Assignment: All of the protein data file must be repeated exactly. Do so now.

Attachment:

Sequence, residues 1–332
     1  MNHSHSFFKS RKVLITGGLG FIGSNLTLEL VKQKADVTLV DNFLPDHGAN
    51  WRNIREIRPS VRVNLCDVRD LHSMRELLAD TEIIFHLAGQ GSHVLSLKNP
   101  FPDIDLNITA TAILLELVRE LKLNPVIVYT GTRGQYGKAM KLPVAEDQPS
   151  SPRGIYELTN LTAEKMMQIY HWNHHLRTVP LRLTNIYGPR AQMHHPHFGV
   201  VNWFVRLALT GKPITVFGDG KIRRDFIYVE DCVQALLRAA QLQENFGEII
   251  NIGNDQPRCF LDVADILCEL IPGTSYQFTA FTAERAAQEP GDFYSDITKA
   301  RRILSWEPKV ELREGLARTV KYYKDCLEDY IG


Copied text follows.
Sequence, residues 1–332
     1  MNHSHSFFKS RKVLITGGLG FIGSNLTLEL VKQKADVTLV DNFLPDHGAN
    51  WRNIREIRPS VRVNLCDVRD LHSMRELLAD TEIIFHLAGQ GSHVLSLKNP
   101  FPDIDLNITA TAILLELVRE LKLNPVIVYT GTRGQYGKAM KLPVAEDQPS
   151  SPRGIYELTN LTAEKMMQIY HWNHHLRTVP LRLTNIYGPR AQMHHPHFGV
   201  VNWFVRLALT GKPITVFGDG KIRRDFIYVE DCVQALLRAA QLQENFGEII
   251  NIGNDQPRCF LDVADILCEL IPGTSYQFTA FTAERAAQEP GDFYSDITKA
   301  RRILSWEPKV ELREGLARTV KYYKDCLEDY IG